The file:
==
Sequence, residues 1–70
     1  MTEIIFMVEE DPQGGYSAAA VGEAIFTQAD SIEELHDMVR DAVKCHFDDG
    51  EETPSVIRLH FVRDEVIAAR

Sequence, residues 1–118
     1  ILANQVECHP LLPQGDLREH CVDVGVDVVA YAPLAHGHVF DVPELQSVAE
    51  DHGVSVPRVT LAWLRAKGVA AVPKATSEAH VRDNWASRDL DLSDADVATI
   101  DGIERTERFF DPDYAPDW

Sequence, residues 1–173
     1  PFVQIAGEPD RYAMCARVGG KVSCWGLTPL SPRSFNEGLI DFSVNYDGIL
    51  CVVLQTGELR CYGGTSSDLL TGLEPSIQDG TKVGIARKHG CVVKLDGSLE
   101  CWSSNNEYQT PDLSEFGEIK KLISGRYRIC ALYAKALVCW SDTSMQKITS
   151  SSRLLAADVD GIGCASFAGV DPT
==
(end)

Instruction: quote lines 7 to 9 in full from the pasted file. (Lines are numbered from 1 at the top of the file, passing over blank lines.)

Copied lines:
   101  DGIERTERFF DPDYAPDW

Sequence, residues 1–173
     1  PFVQIAGEPD RYAMCARVGG KVSCWGLTPL SPRSFNEGLI DFSVNYDGIL